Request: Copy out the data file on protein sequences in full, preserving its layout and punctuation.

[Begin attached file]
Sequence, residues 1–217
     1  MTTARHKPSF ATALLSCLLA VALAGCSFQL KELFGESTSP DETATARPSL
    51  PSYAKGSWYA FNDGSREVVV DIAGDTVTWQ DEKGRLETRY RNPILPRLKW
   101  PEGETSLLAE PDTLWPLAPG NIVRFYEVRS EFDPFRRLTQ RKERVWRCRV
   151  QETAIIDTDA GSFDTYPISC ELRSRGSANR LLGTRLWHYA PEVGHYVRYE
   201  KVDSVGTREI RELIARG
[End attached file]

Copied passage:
Sequence, residues 1–217
     1  MTTARHKPSF ATALLSCLLA VALAGCSFQL KELFGESTSP DETATARPSL
    51  PSYAKGSWYA FNDGSREVVV DIAGDTVTWQ DEKGRLETRY RNPILPRLKW
   101  PEGETSLLAE PDTLWPLAPG NIVRFYEVRS EFDPFRRLTQ RKERVWRCRV
   151  QETAIIDTDA GSFDTYPISC ELRSRGSANR LLGTRLWHYA PEVGHYVRYE
   201  KVDSVGTREI RELIARG